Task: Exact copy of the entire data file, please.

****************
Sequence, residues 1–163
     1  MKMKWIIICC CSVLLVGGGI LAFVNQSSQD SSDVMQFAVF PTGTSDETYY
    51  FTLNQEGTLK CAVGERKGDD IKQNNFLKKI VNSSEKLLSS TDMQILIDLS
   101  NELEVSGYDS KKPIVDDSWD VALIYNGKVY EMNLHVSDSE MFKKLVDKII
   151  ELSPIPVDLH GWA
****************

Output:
Sequence, residues 1–163
     1  MKMKWIIICC CSVLLVGGGI LAFVNQSSQD SSDVMQFAVF PTGTSDETYY
    51  FTLNQEGTLK CAVGERKGDD IKQNNFLKKI VNSSEKLLSS TDMQILIDLS
   101  NELEVSGYDS KKPIVDDSWD VALIYNGKVY EMNLHVSDSE MFKKLVDKII
   151  ELSPIPVDLH GWA